Opposite this camp, and sometimes diametrically opposed to the above, are those who may be referred to by the slang term "half-holy". These folk are far fewer in number, but have a much larger proportion of fortune-tellers among them. When a half-holy peers into the unconscious splendor of Yishel's mind, they see exactly the same as any other augur would. But what they express of it beyond that point is quite different. They will often only give one side of the prediction, most frequently the positive or desirable end. More rarely, the negative is accentuated, most often if the fortune-teller has a vested interest in seeing the individual unharmed, or unsuccessful. Countless fairy-tale tropes about the unpredictability of the future and "being careful of what you wish for" have originated from the technically true but misleading statements of Yishel's half-holies. And, because of the extremely lax or nonexistent attitude of Yishel toward the physical world--as with many gods--such behavior goes almost unpunished, at least within the context of the astral sphere.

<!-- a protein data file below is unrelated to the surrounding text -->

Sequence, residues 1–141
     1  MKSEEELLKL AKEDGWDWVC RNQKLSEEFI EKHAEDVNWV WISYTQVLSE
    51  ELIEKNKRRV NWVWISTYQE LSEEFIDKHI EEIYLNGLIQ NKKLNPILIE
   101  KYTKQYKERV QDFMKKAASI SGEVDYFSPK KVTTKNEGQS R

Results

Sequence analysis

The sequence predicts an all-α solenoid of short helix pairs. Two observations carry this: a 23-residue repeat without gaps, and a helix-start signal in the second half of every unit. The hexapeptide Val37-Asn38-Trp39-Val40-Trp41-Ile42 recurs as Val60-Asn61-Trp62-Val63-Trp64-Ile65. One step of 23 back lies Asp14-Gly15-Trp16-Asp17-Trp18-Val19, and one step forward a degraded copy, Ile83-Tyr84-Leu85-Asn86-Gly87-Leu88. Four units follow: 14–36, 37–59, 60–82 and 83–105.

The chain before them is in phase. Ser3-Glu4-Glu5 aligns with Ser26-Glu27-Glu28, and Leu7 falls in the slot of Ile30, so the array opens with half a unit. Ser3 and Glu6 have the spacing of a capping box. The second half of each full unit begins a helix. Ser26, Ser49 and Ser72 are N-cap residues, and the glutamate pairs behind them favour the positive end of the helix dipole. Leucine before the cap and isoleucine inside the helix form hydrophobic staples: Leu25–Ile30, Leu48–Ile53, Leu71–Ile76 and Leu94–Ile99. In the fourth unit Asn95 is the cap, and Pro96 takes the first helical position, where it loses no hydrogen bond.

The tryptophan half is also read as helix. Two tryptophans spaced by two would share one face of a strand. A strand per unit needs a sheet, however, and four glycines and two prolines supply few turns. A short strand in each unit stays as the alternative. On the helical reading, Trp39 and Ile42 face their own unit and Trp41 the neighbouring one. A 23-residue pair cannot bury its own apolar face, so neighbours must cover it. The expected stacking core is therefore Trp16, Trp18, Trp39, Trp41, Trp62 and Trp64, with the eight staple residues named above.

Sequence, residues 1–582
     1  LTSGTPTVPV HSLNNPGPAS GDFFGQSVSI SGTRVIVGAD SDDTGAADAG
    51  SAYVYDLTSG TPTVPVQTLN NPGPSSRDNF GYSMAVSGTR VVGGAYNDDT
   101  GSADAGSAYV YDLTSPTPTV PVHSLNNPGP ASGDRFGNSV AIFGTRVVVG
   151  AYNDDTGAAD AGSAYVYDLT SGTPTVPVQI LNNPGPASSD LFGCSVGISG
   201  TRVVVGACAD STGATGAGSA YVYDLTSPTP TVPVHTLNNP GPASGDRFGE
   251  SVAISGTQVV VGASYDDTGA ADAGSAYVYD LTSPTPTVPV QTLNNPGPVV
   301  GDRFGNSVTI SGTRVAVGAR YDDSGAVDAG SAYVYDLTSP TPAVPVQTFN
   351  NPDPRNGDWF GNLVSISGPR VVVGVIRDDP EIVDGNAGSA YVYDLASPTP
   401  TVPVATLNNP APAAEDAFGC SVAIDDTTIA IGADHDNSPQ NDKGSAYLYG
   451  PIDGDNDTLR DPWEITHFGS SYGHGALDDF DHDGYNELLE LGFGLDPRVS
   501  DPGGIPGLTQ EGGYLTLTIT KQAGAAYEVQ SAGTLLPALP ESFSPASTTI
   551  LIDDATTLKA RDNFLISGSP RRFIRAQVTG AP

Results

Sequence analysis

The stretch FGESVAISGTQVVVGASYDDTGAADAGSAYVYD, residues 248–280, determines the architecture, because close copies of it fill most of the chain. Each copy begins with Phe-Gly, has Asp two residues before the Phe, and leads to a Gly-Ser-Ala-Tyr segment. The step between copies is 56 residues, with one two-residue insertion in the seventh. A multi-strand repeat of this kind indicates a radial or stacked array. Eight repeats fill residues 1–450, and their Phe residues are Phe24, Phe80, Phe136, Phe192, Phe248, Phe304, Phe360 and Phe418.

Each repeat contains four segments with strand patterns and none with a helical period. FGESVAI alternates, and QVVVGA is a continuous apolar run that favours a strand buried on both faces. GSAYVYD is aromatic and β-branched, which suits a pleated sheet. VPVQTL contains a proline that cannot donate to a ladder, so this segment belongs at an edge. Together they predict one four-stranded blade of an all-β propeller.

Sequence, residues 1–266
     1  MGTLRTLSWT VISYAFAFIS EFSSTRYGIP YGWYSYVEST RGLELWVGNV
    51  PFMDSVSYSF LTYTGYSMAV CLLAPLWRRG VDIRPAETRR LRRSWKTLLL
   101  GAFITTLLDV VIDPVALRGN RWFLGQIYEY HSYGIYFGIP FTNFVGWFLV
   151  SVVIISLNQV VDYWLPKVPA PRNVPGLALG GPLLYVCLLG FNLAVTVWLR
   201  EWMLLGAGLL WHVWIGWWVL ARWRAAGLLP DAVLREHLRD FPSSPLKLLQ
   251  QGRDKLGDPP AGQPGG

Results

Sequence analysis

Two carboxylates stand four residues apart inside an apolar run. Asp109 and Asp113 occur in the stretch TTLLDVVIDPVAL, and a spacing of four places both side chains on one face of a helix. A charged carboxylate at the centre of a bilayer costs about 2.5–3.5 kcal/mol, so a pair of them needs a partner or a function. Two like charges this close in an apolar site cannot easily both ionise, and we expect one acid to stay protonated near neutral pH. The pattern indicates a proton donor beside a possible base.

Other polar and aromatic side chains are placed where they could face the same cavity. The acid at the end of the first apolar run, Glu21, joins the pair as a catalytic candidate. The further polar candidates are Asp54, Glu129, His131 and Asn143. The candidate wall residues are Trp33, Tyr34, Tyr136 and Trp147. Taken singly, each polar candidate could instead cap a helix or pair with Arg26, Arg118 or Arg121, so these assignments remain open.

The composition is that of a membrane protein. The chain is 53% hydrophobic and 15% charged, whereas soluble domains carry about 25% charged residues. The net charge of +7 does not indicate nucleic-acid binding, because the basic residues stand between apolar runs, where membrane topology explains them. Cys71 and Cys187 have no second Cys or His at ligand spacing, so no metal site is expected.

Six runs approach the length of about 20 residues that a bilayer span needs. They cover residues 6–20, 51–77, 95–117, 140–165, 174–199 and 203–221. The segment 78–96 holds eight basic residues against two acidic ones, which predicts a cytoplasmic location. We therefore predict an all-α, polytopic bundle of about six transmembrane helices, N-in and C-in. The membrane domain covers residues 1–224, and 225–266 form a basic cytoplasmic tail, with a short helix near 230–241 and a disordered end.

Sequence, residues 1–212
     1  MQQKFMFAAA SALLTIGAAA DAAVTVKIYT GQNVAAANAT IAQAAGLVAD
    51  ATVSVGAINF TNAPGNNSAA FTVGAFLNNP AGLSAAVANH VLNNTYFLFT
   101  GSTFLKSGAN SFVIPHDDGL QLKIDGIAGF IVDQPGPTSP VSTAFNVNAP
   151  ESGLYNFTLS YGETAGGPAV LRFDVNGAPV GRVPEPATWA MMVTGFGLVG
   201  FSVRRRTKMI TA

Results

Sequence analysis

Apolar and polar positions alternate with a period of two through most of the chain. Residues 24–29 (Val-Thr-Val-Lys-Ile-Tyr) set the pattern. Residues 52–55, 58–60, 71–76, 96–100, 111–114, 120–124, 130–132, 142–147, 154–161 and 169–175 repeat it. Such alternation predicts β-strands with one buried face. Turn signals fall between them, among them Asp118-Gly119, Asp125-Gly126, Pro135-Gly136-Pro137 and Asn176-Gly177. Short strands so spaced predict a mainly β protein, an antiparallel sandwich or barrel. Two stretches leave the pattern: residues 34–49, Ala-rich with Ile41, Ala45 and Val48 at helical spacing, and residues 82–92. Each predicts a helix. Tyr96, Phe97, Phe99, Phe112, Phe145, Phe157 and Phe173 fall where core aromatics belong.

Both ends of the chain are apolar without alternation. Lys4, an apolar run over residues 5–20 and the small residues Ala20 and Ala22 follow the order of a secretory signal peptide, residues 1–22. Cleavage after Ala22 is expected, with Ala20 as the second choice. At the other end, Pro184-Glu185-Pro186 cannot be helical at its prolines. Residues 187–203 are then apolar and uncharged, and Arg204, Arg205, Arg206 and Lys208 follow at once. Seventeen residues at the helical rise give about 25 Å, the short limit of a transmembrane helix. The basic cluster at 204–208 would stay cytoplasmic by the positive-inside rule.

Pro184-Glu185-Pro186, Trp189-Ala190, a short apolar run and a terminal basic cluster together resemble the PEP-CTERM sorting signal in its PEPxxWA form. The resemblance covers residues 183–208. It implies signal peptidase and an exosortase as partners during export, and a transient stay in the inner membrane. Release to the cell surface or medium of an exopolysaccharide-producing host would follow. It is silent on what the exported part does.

But this duplicity was eventually recognized by various governments and collectives across the south-west areas of Ersuun cultural region, in which the cults of Yishel are most prevalent. After a few centuries of witch-burning and imprisonment proved unsuccessful in deterring both the elite and the common folk from seeking out what they want to hear, a legal balance was struck: Yishel's acting faithful may continue any practice reliant upon their auguries uninhibited, but they must both walk and work with the appropriate branding. The workplace of the truther and the half-holy alike must be marked plainly and visibly with one of the recognizable symbols of Yishel, and common knowledge of these and other icons is disseminated by a municipal government as part of its work toward public service. They must also wear the symbol somewhere upon their bodies, either in the form of clothing or a tattoo, if they are to make predictions outside of the fortune-teller's hut.